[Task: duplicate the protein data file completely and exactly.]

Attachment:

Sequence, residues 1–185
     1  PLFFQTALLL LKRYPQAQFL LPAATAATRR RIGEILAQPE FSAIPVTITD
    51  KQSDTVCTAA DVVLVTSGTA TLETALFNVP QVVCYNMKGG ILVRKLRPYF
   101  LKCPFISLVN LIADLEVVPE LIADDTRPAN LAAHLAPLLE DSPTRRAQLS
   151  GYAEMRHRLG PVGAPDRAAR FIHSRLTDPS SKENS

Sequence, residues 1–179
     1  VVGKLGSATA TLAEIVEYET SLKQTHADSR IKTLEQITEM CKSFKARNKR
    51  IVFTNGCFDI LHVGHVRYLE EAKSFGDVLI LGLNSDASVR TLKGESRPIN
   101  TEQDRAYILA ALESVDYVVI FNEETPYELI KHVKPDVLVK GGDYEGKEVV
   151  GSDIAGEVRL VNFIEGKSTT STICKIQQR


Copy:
Sequence, residues 1–185
     1  PLFFQTALLL LKRYPQAQFL LPAATAATRR RIGEILAQPE FSAIPVTITD
    51  KQSDTVCTAA DVVLVTSGTA TLETALFNVP QVVCYNMKGG ILVRKLRPYF
   101  LKCPFISLVN LIADLEVVPE LIADDTRPAN LAAHLAPLLE DSPTRRAQLS
   151  GYAEMRHRLG PVGAPDRAAR FIHSRLTDPS SKENS

Sequence, residues 1–179
     1  VVGKLGSATA TLAEIVEYET SLKQTHADSR IKTLEQITEM CKSFKARNKR
    51  IVFTNGCFDI LHVGHVRYLE EAKSFGDVLI LGLNSDASVR TLKGESRPIN
   101  TEQDRAYILA ALESVDYVVI FNEETPYELI KHVKPDVLVK GGDYEGKEVV
   151  GSDIAGEVRL VNFIEGKSTT STICKIQQR